The Dangers of a Fractured Linux

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One of the major advantages Linux has to offer is cross-platform functionality. Far from being a PC operating system that has been extended for other uses, it runs on cell phones, mainframes and everything in between.

This offers IT departments the possibility of using Linux to consolidate resources into a single skill set, or at least a single OS.

The danger, however, is that since developers are free to conduct extensive customization, it may fork into a number of incompatible versions.

''The differences between the versions of Linux can increase the level of effort on the part of the system administrators as software installations and verification can vary from system to system,'' says Rob Pennington, CTO and head of the Innovative Systems Laboratory at the National Center for Supercomputing Applications. ''The different OS types and versions make it very time consuming to verify that all the pieces (libraries, compilers, file systems, etc.) work together as expected.''

Pennington has five Linux clusters under his control, including a 16 Teraflop Tungstun (W) cluster, which runs Red Hat Linux on 2560 Intel Xeon processors. Several of the clusters are part of the TeraGrid, a 40-gigabit-per-second network, linking computers at nine universities and national laboratories.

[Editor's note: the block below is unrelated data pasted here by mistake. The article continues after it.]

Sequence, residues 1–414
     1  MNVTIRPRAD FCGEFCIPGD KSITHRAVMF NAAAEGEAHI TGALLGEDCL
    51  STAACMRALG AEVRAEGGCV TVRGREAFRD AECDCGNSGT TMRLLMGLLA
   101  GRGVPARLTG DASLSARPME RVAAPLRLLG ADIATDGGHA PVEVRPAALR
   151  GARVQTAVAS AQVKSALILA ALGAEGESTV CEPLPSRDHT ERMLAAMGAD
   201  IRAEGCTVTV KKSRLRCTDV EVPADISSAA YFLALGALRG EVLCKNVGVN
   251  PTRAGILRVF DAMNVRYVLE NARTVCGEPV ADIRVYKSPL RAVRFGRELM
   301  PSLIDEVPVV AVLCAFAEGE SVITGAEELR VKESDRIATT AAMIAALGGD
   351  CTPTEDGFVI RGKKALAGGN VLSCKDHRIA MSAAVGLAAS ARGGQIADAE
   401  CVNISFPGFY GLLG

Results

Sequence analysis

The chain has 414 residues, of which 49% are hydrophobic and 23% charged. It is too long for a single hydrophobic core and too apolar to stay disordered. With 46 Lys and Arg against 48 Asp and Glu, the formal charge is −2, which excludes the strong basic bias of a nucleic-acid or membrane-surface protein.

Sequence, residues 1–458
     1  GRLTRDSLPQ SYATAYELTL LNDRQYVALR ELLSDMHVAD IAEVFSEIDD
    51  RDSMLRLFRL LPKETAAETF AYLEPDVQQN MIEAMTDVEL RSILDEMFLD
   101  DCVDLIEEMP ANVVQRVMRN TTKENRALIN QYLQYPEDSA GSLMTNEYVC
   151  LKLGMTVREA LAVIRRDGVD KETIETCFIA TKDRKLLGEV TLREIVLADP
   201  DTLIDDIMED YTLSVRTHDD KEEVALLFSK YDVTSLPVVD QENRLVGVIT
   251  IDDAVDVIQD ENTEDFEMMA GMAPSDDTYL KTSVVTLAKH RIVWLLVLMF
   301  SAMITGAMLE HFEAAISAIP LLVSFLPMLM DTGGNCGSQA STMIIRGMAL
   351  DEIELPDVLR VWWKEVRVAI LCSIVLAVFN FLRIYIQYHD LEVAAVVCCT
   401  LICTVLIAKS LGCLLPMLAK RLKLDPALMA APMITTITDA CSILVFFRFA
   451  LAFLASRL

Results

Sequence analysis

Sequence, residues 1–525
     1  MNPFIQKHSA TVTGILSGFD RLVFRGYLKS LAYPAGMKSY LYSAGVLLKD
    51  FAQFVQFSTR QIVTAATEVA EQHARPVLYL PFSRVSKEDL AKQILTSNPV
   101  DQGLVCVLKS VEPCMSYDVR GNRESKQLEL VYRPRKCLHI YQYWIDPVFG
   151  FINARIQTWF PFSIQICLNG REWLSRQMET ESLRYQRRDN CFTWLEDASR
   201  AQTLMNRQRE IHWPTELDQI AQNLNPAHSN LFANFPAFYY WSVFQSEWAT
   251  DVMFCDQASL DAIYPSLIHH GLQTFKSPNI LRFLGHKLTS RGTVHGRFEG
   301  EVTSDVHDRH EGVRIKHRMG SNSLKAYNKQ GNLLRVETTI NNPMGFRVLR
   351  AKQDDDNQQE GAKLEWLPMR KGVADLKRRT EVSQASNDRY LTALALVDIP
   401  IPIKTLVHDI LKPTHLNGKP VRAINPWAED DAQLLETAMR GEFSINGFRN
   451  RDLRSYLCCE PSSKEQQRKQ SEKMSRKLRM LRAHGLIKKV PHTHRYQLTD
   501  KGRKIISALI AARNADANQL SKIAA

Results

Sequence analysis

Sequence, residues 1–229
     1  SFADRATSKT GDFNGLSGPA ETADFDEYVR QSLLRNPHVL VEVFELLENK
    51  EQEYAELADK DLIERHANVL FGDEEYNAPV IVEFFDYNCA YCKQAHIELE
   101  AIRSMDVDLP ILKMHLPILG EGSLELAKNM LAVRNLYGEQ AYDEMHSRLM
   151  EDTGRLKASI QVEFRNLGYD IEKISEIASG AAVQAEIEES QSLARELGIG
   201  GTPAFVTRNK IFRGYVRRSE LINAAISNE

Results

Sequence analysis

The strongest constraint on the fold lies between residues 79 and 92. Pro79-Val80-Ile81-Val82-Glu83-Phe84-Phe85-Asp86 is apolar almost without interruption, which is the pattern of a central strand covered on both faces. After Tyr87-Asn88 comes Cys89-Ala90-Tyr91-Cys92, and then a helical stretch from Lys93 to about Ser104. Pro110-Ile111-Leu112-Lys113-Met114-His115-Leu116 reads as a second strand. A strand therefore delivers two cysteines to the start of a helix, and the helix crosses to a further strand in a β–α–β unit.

''A researcher should be able to use any of the systems without having to know the paths to all of the necessary tools, the methods to submit jobs for execution or the paths for the storage systems on the systems,'' he adds. ''This would appear to be simple but it becomes very complex when this same type of goal is applied to multiple sites, such as those within the TeraGrid.''

But the problem of Linux compatibility doesn't just affect those developing high-end research applications. Software vendors also are significantly impacted.

There are more than 380 different Linux distributions, after all, and developers need to make sure their products function well on at least all the major ones in order to make their efforts profitable.

''In the beginning, end users, application developers and system administrators were delighted to have the flexibility to make very personal corporate decisions,'' says William Hurley, senior analyst for Enterprise Strategy Group in Portland, Or. ''Though there is a lot of freedom in that, the ultimate long-term goal is to standardize on a class of technologies, not just within the organization, but on explicit or de facto industry standards so it is easier to apply complimentary technologies.''

Kernel Control

The danger with Linux is not at the kernel. Although there are many independent developers contributing their labor, what gets released publicly is firmly under the control of Linus Torvalds.

''At the kernel itself, the community is very disciplined, so you don't see the kernel forking,'' says Bill Weinberg, an open source architecture specialist who works for the Open Source Development Laboratory (OSDL) in Beaverton, Or. ''But there is the potential for divergence among some of the Linux distributions, which makes it challenging for vendors to ship shrink-wrapped software without having a lot of installation and maintenance challenges across distributions.''